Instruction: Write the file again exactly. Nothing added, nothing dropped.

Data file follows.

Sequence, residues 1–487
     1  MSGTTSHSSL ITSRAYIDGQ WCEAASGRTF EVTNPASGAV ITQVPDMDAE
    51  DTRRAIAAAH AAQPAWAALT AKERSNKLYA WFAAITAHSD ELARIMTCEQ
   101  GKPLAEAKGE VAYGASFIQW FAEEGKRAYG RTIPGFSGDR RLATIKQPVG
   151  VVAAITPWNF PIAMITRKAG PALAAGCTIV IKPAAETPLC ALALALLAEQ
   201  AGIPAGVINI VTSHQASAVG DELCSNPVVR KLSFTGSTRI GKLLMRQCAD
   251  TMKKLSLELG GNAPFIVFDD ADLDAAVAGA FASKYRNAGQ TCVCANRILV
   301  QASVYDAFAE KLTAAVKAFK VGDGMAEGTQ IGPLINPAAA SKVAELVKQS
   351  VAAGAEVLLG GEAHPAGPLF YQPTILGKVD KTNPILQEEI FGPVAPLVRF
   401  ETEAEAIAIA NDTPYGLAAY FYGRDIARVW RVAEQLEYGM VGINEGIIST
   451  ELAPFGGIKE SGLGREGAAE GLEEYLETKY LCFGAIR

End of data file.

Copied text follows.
Sequence, residues 1–487
     1  MSGTTSHSSL ITSRAYIDGQ WCEAASGRTF EVTNPASGAV ITQVPDMDAE
    51  DTRRAIAAAH AAQPAWAALT AKERSNKLYA WFAAITAHSD ELARIMTCEQ
   101  GKPLAEAKGE VAYGASFIQW FAEEGKRAYG RTIPGFSGDR RLATIKQPVG
   151  VVAAITPWNF PIAMITRKAG PALAAGCTIV IKPAAETPLC ALALALLAEQ
   201  AGIPAGVINI VTSHQASAVG DELCSNPVVR KLSFTGSTRI GKLLMRQCAD
   251  TMKKLSLELG GNAPFIVFDD ADLDAAVAGA FASKYRNAGQ TCVCANRILV
   301  QASVYDAFAE KLTAAVKAFK VGDGMAEGTQ IGPLINPAAA SKVAELVKQS
   351  VAAGAEVLLG GEAHPAGPLF YQPTILGKVD KTNPILQEEI FGPVAPLVRF
   401  ETEAEAIAIA NDTPYGLAAY FYGRDIARVW RVAEQLEYGM VGINEGIIST
   451  ELAPFGGIKE SGLGREGAAE GLEEYLETKY LCFGAIR